Church in a Circle: practical ideas to encourage participation not passivity

Hands making a circle

It is fair to say that most churches today are built around performers and audience (although most wouldn’t see it that way).

It might be the preacher preaching while everyone sits in rows listening (or not!), the worship band playing or the priest leading the liturgy or the mass. But while the congregation is encouraged to participate, many remain passive consumers.

It’s easy to point to the problems with this, but more difficult to come up with better ways to do things. That’s why I always enjoyed the Church in a Circle blog.

Why participation is important

It all comes back to the human brain. We can only take in so much at a time, before the information overloads our short term memory. Sitting and listening is a very poor way to take in information, and isn’t likely to lead to transformation.

Learning, growing, being transformed require involvement, active participation, opportunities to reflect back what is learnt and to put it into practice. Normal performer-audience church doesn’t do this very well.

Active learning isn’t easy

One-on-one learning, for example via mentoring or apprenticing, is much more likely to involve the learner. But as the number of people being taught or discipled grows, it gets harder to keep them all involved.

Teachers should be trained to provide active learning situations, but ministers are less likely to have learned this – my guess is that they are mostly simply taught how to make sermons a little more interesting.

Church in a Circle blog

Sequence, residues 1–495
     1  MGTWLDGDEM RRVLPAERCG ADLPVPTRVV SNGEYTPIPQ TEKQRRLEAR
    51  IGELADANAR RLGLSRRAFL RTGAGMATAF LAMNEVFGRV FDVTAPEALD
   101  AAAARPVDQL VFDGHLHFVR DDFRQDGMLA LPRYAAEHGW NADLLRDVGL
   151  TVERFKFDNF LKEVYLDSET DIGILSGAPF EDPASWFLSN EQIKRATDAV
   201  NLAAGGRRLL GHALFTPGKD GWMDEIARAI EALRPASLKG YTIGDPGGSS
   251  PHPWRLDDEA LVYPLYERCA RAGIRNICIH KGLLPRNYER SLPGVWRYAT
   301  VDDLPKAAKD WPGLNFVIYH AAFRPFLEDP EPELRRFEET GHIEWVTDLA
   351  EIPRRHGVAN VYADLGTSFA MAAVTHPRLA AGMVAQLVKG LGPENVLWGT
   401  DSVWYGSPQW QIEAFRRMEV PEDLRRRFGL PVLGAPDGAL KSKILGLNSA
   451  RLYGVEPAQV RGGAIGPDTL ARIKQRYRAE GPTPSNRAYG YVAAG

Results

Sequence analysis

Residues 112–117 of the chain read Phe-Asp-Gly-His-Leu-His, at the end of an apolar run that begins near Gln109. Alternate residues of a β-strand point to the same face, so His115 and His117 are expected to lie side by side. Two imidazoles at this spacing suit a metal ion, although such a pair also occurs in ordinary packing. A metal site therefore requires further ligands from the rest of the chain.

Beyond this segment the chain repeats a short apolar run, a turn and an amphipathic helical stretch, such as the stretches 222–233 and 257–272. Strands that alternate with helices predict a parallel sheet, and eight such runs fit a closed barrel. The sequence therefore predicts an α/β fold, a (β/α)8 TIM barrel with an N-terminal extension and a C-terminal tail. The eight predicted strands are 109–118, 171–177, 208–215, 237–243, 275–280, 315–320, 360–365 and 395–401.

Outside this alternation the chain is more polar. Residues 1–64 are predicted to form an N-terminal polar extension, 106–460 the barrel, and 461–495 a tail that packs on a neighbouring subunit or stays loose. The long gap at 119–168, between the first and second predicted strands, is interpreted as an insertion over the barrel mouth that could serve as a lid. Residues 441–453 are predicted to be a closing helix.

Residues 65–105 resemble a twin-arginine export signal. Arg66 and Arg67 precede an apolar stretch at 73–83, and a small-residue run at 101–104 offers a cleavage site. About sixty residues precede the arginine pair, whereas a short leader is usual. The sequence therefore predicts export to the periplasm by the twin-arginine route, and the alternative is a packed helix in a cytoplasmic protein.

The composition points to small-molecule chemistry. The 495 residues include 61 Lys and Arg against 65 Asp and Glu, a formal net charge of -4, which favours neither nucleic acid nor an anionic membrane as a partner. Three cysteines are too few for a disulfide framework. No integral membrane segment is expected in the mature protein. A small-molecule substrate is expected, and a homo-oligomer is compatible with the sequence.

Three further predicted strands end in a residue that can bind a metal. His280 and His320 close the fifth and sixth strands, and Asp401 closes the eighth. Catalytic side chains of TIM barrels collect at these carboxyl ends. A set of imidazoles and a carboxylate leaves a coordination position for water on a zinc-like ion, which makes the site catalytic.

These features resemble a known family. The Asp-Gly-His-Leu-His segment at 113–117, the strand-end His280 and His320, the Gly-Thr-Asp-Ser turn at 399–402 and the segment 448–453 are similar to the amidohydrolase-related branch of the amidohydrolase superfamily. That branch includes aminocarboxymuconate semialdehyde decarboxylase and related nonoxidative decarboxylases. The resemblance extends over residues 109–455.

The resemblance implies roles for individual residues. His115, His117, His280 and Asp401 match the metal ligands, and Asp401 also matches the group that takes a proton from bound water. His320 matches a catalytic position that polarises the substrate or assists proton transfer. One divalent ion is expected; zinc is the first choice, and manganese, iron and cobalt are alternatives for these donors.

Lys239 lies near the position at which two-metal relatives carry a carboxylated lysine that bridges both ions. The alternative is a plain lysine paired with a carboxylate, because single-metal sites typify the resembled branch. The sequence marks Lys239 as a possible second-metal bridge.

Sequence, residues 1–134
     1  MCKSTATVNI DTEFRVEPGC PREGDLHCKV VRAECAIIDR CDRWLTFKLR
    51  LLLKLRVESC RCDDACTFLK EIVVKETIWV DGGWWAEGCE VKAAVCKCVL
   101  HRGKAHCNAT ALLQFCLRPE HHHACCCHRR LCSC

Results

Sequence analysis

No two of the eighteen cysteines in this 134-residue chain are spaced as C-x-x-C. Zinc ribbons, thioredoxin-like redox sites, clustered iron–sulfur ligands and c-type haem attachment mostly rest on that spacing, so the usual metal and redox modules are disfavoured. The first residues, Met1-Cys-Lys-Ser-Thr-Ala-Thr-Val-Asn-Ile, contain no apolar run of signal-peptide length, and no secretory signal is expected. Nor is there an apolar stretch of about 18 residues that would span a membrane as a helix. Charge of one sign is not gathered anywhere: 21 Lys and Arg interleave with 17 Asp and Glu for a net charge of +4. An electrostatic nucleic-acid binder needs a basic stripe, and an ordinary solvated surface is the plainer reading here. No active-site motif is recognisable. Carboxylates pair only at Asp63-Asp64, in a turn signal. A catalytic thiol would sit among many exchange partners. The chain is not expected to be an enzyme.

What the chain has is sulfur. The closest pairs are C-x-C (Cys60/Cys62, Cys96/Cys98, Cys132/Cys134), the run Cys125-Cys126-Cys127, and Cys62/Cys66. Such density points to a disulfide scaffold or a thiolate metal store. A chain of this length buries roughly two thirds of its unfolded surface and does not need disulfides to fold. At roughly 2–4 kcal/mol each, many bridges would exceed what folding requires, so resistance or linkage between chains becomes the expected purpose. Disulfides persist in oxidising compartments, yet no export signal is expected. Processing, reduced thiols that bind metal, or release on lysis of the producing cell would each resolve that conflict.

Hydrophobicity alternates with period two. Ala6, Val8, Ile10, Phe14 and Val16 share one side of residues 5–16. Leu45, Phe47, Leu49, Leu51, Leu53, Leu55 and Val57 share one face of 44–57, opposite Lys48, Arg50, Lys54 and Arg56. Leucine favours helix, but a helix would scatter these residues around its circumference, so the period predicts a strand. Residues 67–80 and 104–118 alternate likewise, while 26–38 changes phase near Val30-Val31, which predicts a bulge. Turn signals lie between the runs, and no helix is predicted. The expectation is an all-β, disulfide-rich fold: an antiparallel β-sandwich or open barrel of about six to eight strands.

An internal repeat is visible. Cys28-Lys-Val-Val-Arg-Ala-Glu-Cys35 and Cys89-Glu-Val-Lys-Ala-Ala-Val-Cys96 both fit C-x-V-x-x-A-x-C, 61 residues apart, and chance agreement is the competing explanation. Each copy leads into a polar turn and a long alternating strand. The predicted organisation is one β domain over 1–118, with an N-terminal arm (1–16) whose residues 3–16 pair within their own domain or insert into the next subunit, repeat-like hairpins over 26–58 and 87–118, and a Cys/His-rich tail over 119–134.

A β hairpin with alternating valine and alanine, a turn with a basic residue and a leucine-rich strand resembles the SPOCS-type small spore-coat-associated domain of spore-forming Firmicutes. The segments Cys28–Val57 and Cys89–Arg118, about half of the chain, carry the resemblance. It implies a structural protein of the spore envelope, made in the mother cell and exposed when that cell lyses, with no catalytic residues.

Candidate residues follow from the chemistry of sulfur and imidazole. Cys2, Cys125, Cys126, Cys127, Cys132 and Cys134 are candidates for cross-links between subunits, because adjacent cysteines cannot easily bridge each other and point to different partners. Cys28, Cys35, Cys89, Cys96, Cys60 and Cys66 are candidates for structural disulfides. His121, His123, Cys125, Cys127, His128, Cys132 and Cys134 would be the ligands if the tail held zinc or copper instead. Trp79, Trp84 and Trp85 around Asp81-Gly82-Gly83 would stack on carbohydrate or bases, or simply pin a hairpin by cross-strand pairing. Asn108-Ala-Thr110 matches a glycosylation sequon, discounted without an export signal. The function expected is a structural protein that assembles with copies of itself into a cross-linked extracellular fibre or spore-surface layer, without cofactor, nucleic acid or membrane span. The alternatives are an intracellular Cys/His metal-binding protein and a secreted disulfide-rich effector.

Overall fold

For these reasons, back almost a decade ago, one of my favourite blogs was Church in a Circle, in which Kath reflected on how she and her husband (and presumably others) used active learning techniques in a small church they were part of.

The byline of the blog was: “From monologue to dialogue. From audience to participants. From performance to empowerment.” 

The authors say:

Church in a circle starts with the seating arrangement, but ultimately changes the way we meet and interact as God’s people. It changes us from consumers into participants. It changes the way we see each other. It changes the way we learn and teach others about God. It’s time to stop filling rows and start forming circles.”

Gems from the blog

These were some of the ideas I appreciated there:

  • Doing things what seems to be the easiest way (for the ministers at least) ends up achieving the least.
  • One leader, many teachers, no professors.
  • Stop performing, start empowering.
  • Get people talking – unlock them early.
  • Discovery is the best teacher.
  • Flip the classroom, flip the church.
  • Stop bringing people to church, and start sending God’s church to the people.
  • Perhaps we need to rethink our spaces, rearrange our seating, and redesign our buildings to reflect the purpose and function of gathering together as a church community.
  •  When people are participating and using their voice, they become engaged. They take ownership of their learning. They find their gifts and use them. They minister to one another. 

Death and resurrection

Unfortunately, some years ago the blog was hacked and taken down. And Kath (I guess) was too busy raising a family and doing ministry to try to recover it all. But I discovered it could be found on The Wayback Machine

So with Kath’s permission I have copied some of my favourite posts over to this site, and you can find them at Church in a Circle. (Innovative title, I know! 🙂 )

Check it out. Some of it is revolutionary and all of it is helpful. And as I have time, there’ll be more gems.

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